Background: Tumor-infiltrating lymphocyte (TIL) counts in colorectal cancer liver metastases (CRCLM) predict survival following resection. While CD4 and CD8 T cells have been correlated with outcome following CRCLM resection, the role of regulatory T cells (Treg) is not well defined.
Methods: TIL in 188 patients who underwent CRCLM resection between 1998 and 2000 were analyzed by immunohistochemistry using tissue microarrays. Correlation between TIL composition and outcome was determined while controlling for established prognostic factors. Total T cells (CD3), helper T cells (CD4), cytotoxic T cells (CD8), and Treg (FoxP3) were analyzed.
Results: Median follow-up time was 40 months for all patients and 95 months for survivors. Overall survival (OS) at 5 and 10 years was 40 and 25%, respectively. The CD4 T cell count correlated with OS (p = .02) and recurrence-free survival (p = .04). A high number of CD8 T cells relative to total T cells (CD8:CD3 ratio) predicted longer OS times (p = .05). Analysis of Treg revealed that high FoxP3:CD4 (p = .03) and FoxP3:CD8 (p = .05) ratios were independent predictors of shorter OS. Patients with a high clinical risk score (CRS) were more likely to have a high number of intratumoral Treg, and patients ≥65 years old had a less robust CRCLM T cell infiltration.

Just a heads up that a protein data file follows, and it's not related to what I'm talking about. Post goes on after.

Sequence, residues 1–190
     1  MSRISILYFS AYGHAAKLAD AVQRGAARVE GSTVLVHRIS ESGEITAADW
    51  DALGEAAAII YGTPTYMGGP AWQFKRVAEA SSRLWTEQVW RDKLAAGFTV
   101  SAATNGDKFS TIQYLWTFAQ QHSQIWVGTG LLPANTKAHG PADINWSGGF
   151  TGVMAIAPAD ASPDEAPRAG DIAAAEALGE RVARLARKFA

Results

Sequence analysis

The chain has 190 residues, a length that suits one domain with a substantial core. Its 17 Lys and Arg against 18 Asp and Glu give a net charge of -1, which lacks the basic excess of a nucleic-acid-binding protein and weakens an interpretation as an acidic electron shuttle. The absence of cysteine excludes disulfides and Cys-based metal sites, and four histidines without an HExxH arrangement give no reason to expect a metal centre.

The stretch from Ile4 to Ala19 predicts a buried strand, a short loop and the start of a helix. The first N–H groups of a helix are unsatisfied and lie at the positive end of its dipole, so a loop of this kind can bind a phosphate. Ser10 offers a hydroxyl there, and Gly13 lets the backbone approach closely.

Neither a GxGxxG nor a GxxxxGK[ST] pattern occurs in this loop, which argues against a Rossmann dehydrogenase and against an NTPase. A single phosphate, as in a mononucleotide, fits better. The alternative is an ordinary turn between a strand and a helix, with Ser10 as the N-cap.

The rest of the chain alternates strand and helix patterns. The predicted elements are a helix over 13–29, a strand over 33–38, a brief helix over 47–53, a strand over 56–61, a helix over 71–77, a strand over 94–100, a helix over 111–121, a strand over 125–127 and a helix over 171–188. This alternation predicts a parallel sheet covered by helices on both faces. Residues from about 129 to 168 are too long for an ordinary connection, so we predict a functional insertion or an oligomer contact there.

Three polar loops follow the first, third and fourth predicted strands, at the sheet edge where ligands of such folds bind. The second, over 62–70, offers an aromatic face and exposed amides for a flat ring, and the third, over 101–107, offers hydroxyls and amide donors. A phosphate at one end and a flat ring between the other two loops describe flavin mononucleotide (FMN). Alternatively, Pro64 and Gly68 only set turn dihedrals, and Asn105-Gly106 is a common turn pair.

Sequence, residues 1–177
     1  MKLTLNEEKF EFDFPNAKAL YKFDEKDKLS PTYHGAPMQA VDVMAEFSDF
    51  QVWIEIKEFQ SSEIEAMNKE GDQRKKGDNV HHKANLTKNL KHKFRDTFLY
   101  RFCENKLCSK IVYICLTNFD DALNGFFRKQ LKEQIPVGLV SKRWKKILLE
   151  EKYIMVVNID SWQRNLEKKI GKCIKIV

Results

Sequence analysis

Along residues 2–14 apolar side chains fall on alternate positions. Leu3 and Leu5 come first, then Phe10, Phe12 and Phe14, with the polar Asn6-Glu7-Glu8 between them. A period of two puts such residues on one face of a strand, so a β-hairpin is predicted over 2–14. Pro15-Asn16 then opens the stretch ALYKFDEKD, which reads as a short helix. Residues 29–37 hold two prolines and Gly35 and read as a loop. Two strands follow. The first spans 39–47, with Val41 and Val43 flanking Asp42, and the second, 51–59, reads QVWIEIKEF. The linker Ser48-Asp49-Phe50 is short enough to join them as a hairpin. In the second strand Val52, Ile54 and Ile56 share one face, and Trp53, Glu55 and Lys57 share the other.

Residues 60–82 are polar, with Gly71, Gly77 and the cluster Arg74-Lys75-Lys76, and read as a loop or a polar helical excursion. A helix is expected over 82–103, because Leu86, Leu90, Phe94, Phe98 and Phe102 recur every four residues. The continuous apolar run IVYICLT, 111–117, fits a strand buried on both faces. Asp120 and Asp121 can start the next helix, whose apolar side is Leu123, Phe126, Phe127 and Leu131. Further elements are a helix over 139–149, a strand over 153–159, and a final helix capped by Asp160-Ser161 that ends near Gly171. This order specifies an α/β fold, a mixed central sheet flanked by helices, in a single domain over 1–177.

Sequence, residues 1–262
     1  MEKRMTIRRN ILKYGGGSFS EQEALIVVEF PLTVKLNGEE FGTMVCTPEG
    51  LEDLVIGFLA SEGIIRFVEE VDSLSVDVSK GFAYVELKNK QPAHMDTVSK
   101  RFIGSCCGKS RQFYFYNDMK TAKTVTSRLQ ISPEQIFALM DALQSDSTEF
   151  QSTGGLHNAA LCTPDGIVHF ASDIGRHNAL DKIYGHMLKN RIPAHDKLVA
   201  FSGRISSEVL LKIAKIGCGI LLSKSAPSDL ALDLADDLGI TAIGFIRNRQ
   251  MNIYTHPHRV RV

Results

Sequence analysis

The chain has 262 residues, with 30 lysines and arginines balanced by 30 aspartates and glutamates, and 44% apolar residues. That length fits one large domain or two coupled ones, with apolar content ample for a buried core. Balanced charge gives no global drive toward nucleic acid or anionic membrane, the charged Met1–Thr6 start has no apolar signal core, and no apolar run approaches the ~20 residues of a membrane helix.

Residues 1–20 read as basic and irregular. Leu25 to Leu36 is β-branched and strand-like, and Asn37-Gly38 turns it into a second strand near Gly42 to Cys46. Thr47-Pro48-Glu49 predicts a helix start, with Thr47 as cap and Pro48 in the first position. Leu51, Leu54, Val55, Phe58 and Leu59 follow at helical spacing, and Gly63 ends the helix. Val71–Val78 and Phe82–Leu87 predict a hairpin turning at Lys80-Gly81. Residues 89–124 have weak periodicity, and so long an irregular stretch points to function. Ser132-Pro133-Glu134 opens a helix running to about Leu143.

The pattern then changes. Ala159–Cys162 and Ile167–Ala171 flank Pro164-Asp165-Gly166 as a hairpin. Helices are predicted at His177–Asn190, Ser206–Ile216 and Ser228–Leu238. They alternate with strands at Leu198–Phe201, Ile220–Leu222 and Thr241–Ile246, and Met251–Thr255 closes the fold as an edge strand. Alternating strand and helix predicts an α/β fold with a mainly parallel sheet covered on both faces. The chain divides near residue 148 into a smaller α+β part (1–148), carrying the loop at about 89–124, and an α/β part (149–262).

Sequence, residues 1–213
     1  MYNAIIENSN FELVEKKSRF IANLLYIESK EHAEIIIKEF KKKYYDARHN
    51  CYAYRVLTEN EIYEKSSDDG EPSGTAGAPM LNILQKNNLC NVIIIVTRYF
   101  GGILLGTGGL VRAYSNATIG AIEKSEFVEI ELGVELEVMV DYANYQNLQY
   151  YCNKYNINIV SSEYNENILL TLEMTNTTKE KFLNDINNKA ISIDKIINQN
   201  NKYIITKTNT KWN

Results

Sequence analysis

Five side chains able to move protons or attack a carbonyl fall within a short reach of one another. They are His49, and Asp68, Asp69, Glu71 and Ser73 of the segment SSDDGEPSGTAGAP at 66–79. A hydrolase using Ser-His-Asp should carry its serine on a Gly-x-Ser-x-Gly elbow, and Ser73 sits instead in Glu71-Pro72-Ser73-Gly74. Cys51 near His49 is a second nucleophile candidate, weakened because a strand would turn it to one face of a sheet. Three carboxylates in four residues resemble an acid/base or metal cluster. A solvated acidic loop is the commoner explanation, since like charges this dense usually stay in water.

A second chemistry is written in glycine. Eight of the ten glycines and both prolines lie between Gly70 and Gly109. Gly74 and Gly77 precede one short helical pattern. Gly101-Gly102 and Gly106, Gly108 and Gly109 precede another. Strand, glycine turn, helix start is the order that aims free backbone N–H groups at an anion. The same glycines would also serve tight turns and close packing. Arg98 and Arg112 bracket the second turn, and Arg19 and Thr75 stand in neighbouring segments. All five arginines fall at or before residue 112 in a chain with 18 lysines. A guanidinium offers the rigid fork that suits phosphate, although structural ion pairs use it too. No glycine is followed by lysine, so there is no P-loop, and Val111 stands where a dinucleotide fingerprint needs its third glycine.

Conclusions: A high number of Treg relative to CD4 or CD8 T cells predicted poor outcome, suggesting an immunosuppressive role for FoxP3 + TIL. The intratumoral immune response was an independent predictor of outcome in patients with colorectal liver metastases.